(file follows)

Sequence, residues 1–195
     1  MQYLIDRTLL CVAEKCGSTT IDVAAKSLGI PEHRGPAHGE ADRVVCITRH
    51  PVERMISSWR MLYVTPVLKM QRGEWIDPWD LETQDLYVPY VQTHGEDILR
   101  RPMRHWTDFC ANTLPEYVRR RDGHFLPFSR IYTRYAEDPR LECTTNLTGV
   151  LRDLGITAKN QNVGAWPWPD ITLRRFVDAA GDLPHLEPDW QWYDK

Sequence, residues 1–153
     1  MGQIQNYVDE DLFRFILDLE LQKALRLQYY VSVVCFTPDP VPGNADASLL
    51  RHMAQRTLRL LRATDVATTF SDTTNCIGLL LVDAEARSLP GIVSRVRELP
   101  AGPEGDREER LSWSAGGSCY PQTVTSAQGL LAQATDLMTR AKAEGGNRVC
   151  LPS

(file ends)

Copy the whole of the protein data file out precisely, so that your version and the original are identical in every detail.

Sequence, residues 1–195
     1  MQYLIDRTLL CVAEKCGSTT IDVAAKSLGI PEHRGPAHGE ADRVVCITRH
    51  PVERMISSWR MLYVTPVLKM QRGEWIDPWD LETQDLYVPY VQTHGEDILR
   101  RPMRHWTDFC ANTLPEYVRR RDGHFLPFSR IYTRYAEDPR LECTTNLTGV
   151  LRDLGITAKN QNVGAWPWPD ITLRRFVDAA GDLPHLEPDW QWYDK

Sequence, residues 1–153
     1  MGQIQNYVDE DLFRFILDLE LQKALRLQYY VSVVCFTPDP VPGNADASLL
    51  RHMAQRTLRL LRATDVATTF SDTTNCIGLL LVDAEARSLP GIVSRVRELP
   101  AGPEGDREER LSWSAGGSCY PQTVTSAQGL LAQATDLMTR AKAEGGNRVC
   151  LPS